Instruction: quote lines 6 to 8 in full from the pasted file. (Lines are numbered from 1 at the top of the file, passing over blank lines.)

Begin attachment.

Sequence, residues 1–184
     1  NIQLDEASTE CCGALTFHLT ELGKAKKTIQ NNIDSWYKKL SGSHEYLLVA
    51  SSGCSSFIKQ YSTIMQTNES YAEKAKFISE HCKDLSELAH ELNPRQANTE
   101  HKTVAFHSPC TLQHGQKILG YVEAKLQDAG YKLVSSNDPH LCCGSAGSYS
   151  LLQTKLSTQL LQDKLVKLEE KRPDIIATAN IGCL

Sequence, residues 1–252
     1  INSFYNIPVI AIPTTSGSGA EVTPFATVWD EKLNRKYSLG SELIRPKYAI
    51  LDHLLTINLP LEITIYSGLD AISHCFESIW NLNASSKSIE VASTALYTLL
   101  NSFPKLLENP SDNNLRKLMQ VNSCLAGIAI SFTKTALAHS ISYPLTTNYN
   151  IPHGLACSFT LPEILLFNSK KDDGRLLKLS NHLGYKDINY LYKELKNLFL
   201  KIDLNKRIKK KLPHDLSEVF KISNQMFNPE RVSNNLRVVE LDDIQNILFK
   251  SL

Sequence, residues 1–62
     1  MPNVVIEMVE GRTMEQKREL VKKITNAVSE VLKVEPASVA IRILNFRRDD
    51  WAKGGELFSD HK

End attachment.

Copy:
Sequence, residues 1–252
     1  INSFYNIPVI AIPTTSGSGA EVTPFATVWD EKLNRKYSLG SELIRPKYAI
    51  LDHLLTINLP LEITIYSGLD AISHCFESIW NLNASSKSIE VASTALYTLL